Aberdeen's Fighting Exit From the Cup-TiesAberdeen's interest in the Scottish Cup competition has ceased for another year, in a thrilling third round tie at Firhill, Partick Thistle beat them by the odd goal in five in the closing minutes. Rangers overwhelmed Motherwell at Fir Park, and Celtic succumbed to St Mirren at Parkhead. In the Edinburgh derby, Hearts overcame Hibernian. Three of the eight ties were left drawn, a fine performance being that of Montrose, who finished level with Albion Rovers at Coatbridge. A feature of the English Cup fifth round ties was the defeat of Manchester City at home by Hull City. It's all over for yet another season. Aberdeen are out of the cup, the coveted bauble has again eluded their grasp, and the average good sportsman, with fine philosophy, heaves a sigh and says, 'Hard lines, better luck next time.' It is all very familiar, too familiar, alas, and this season there should have been something different. Luck in regard to Aberdeen's exit in the third round of the cup at the hands, or rather the feet of Partick Thistle at Firhill, cannot be taken into serious account. Aberdeen, during that hectic second half, had the game in their pocket, but, unfortunately, the pocket was insecurely buttoned and was very cleverly picked by a slick Partick Thistle forward three minutes from lime.
Thrown Away.There is no use mincing matters - Aberdeen's defence let the team down badly, in fact, threw away the tie. Even overlooking earlier and just as fatal mistakes, forgiving them, if you like, that third goal, dashing to the ground remorselessly Aberdeen's chances of making cup history at last - for had the teams finished level, Partick could have hoped for little at Pittodrie - should never have been scored. It was a well taken goal, but the danger should never have been allowed to crop up with three fleeting minutes remaining. Here was a team that had recovered from two bad shocks, deadly blows that would have caused many sides to throw up the sponge in despair, a team that actually had overrun their opponents, played them to a stand-still almost, with a defence that got into a heady path when, in those fatal, tragic, closing minutes. the leg-weary opposition had one or two do-or-die runs.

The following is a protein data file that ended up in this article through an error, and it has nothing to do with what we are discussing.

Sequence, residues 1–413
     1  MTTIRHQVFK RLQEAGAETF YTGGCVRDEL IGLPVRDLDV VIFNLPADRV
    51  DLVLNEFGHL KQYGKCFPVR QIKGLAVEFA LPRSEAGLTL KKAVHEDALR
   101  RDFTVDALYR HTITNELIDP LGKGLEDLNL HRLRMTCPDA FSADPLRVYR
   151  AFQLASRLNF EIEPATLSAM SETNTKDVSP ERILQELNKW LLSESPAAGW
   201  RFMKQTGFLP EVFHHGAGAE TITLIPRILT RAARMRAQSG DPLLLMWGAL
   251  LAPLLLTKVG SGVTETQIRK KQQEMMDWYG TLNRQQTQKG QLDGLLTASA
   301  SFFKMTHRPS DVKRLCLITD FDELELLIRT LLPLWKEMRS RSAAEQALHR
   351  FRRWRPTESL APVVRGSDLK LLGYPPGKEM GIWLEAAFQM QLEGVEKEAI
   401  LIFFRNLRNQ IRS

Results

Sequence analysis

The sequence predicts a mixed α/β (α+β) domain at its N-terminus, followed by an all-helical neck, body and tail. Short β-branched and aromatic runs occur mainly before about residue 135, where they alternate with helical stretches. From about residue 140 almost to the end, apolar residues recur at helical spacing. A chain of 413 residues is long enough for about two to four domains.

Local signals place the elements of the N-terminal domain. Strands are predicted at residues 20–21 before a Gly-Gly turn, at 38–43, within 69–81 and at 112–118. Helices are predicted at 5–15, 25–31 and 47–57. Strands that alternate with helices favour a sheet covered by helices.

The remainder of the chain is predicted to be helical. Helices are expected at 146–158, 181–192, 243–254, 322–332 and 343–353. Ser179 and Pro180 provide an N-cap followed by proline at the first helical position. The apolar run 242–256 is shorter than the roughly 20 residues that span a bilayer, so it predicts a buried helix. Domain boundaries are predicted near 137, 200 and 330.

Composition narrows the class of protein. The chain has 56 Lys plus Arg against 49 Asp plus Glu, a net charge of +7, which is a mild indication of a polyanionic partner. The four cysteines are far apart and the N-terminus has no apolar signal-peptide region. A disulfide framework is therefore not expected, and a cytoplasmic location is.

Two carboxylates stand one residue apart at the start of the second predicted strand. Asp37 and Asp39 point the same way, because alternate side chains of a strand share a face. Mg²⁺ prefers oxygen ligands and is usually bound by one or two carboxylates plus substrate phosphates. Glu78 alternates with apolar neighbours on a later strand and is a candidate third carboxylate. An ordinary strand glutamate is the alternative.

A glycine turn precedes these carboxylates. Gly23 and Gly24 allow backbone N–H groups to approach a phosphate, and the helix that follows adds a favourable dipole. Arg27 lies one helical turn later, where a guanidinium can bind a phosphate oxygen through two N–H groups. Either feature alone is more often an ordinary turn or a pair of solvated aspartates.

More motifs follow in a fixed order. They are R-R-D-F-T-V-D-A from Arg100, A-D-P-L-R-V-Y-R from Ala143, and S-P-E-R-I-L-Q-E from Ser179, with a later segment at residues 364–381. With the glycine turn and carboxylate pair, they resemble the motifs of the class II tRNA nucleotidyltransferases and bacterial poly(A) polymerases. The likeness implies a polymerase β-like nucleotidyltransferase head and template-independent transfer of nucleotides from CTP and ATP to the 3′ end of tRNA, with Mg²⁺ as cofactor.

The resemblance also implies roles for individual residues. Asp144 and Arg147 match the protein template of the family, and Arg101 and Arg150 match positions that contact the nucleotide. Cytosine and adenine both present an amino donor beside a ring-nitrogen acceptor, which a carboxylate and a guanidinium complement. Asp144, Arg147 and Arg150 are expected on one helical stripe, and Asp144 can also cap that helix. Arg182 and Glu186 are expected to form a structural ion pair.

Wasted Enterprise.Though every individual in the great excited throng bordering on 40,000, must have reflected inwardly that Aberdeen's rapier-like play In the second half was of the winning stuff, they must, too, have turned over in their minds the possibility of Aberdeen failing even to get a draw, a possibility not so very remote and which lay in those quick bursts up the field by the Thistle vanguard. That danger was ever-present, simply because the Aberdeen defence was unreliable and liable to give something vital away. They did, and all the gallant and brilliant work of the forwards and of the halves went for naught. It was probably the most thrilling tie that has ever been fought out on Firhill, and even the 320 chagrined Aberdeen supporters who travelled by special train must have had the consoling feeling that they would not have missed it for anything. If Partick had kept up the form, dashing and dazzling, which they showed in the first half-hour or so, then there need not have been any repining in the camp whatsoever. The Thistle, however, gradually dropped into the role of playing second fiddle, and if any team should have been beaten on play it was the Jags. Up to the time the Thistle got the opening goal, six minutes after the start, they were every bit as good as Aberdeen. Indeed, their half-backs had struck an irresistible game, and it looked as if the Dons were to be put to the biggest test experienced in years.